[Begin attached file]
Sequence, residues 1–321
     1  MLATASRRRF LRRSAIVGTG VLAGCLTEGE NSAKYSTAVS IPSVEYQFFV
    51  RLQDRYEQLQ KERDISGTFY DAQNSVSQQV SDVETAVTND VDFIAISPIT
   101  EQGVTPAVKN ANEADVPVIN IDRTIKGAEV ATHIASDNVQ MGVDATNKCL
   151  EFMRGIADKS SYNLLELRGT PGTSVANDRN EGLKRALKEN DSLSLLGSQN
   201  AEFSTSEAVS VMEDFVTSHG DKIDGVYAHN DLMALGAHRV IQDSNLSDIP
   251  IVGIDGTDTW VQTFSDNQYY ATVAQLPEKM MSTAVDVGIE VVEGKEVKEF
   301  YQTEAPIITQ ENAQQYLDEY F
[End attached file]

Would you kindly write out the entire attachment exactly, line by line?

Sequence, residues 1–321
     1  MLATASRRRF LRRSAIVGTG VLAGCLTEGE NSAKYSTAVS IPSVEYQFFV
    51  RLQDRYEQLQ KERDISGTFY DAQNSVSQQV SDVETAVTND VDFIAISPIT
   101  EQGVTPAVKN ANEADVPVIN IDRTIKGAEV ATHIASDNVQ MGVDATNKCL
   151  EFMRGIADKS SYNLLELRGT PGTSVANDRN EGLKRALKEN DSLSLLGSQN
   201  AEFSTSEAVS VMEDFVTSHG DKIDGVYAHN DLMALGAHRV IQDSNLSDIP
   251  IVGIDGTDTW VQTFSDNQYY ATVAQLPEKM MSTAVDVGIE VVEGKEVKEF
   301  YQTEAPIITQ ENAQQYLDEY F